Make your content user friendly with:
Google’s Freshness Factor favours recently published or updated content for specific trending searches. The search engine often displays a timestamp for content which impacts CTRs as users are more likely to choose the freshest piece.
Google also prefers it when major changes are made to update content. Instead of just changing the published date and correcting some typos, it’s better to add new sections, go into more depth or remove sections that may not be relevant any more.
Once you’re confident your content is relevant and thoroughly developed enough to be useful to your target audience, it’s time to think about whether it’s easy for Google to understand what it’s about.
Performing thorough keyword research and implementing keywords throughout your content is key to ensuring Google understands what your content is about.
You can do this by:
Google must trust your site if you want to perform well in rankings. Site security is important from the moment you decide to build a website.
Having a secure and trustworthy site will make life much easier for Google when it comes to crawling and indexing pages. Remember that Google tends to reward sites that make things straightforward.
Ensure your site is secure by:
Obtaining high-quality backlinks from authoritative domains is a long-term strategy that will help your content seem appealing in Google’s eyes.
Kind of like a vote of confidence from another site, the more backlinks your site has, the more Google will perceive your content to be an authority on that keyword.
In fact, one of the most important ranking factors is the number of referring domains. Having a high number of domains linking to your site correlates directly to a higher ranking position in the SERPs.
But remember that poor quality backlinks can actually cause more damage than good when it comes to performing well in rankings. The referring page’s authority is a crucial element of determining a link’s value.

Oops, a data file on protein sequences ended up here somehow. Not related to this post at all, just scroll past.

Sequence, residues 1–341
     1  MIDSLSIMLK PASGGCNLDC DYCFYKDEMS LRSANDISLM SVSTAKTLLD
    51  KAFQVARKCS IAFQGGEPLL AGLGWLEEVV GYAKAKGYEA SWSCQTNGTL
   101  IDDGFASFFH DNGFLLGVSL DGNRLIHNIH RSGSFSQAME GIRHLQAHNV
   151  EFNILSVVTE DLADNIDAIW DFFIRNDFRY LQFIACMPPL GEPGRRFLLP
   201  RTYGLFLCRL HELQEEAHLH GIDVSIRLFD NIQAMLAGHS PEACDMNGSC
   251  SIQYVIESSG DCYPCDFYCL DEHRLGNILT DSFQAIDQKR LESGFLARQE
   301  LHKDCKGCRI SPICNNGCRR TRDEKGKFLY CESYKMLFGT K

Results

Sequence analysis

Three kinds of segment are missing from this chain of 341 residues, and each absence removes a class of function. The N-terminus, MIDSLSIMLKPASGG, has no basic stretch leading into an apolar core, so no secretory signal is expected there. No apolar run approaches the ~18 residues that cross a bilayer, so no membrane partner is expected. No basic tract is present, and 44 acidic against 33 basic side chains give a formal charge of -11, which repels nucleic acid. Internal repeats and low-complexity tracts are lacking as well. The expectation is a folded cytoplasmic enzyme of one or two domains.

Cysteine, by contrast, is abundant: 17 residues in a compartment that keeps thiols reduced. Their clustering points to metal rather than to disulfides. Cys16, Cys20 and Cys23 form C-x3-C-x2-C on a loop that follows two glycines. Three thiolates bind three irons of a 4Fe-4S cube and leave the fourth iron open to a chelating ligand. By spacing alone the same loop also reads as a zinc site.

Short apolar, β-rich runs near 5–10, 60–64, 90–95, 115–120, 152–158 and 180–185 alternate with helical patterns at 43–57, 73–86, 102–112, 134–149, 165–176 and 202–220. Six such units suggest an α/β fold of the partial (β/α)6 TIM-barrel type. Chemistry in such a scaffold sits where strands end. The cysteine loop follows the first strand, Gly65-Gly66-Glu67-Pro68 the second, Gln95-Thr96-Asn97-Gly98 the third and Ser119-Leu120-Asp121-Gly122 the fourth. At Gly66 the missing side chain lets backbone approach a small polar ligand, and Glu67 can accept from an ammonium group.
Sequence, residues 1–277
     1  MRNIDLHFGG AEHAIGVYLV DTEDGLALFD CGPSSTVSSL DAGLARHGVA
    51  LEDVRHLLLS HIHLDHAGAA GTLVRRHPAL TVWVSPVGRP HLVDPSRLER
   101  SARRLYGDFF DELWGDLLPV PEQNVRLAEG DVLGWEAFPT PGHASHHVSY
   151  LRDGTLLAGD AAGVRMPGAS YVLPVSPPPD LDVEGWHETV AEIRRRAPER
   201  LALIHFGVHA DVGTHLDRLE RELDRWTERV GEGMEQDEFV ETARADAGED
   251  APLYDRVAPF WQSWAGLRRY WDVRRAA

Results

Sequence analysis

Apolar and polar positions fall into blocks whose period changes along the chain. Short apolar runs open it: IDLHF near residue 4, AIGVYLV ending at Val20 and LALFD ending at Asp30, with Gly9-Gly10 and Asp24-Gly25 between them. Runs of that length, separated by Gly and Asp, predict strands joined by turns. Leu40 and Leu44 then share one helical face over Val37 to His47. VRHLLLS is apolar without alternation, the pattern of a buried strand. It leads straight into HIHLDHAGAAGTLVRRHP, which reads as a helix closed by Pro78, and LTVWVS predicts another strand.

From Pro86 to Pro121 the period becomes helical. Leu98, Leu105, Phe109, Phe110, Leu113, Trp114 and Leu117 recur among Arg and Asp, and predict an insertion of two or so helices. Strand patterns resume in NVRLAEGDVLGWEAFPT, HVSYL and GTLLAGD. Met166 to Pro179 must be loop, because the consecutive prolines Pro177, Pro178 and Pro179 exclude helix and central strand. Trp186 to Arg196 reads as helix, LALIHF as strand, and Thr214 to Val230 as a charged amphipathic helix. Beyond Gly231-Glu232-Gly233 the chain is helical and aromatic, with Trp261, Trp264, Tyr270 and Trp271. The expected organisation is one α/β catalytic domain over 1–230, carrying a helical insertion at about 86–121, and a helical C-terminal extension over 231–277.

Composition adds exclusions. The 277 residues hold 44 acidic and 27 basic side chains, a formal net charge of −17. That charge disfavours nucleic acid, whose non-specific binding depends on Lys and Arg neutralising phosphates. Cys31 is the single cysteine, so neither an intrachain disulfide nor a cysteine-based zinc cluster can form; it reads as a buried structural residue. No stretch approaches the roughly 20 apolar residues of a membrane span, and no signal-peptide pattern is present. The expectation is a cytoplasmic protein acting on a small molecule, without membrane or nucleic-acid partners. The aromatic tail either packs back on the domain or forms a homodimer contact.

If Google views referring sites to be spammy or just low quality, it will reflect poorly on your own site.
Writing solid anchor text that describes backlinks accurately helps Google interpret its relevancy.
According to Google, “Mobile pages that provide a poor searcher experience can be demoted in rankings or displayed with a warning in mobile search results.”
Luckily it’s very easy to avoid this if you know what to do.
People are using their smartphones at an increasingly high rate when it comes to searching for relevant information. Up to 50 % of all searches are done from mobile devices now.
Find out how mobile-friendly your site is with one of Google’s free SEO tools, Mobile-Friendly Test. All you have to do is plug in your site’s URL and hit ‘Test URL’.
If your site isn’t that mobile-friendly, the tool will also give you a list of recommendations to help you optimize for mobile.
Optimizing your site’s images is vital for sending search engines the right signals when it comes to their relevancy to a specific page’s content.
Before uploading images to your site, give them an accurate file name - don’t just write ‘image 1’, ‘image 2’ or something similar.
When you insert images into your site, include descriptions, titles and captions. For the alt. text, try to put in your target keyword, but only if it makes sense - Google is smart enough to realize when you’re keyword stuffing.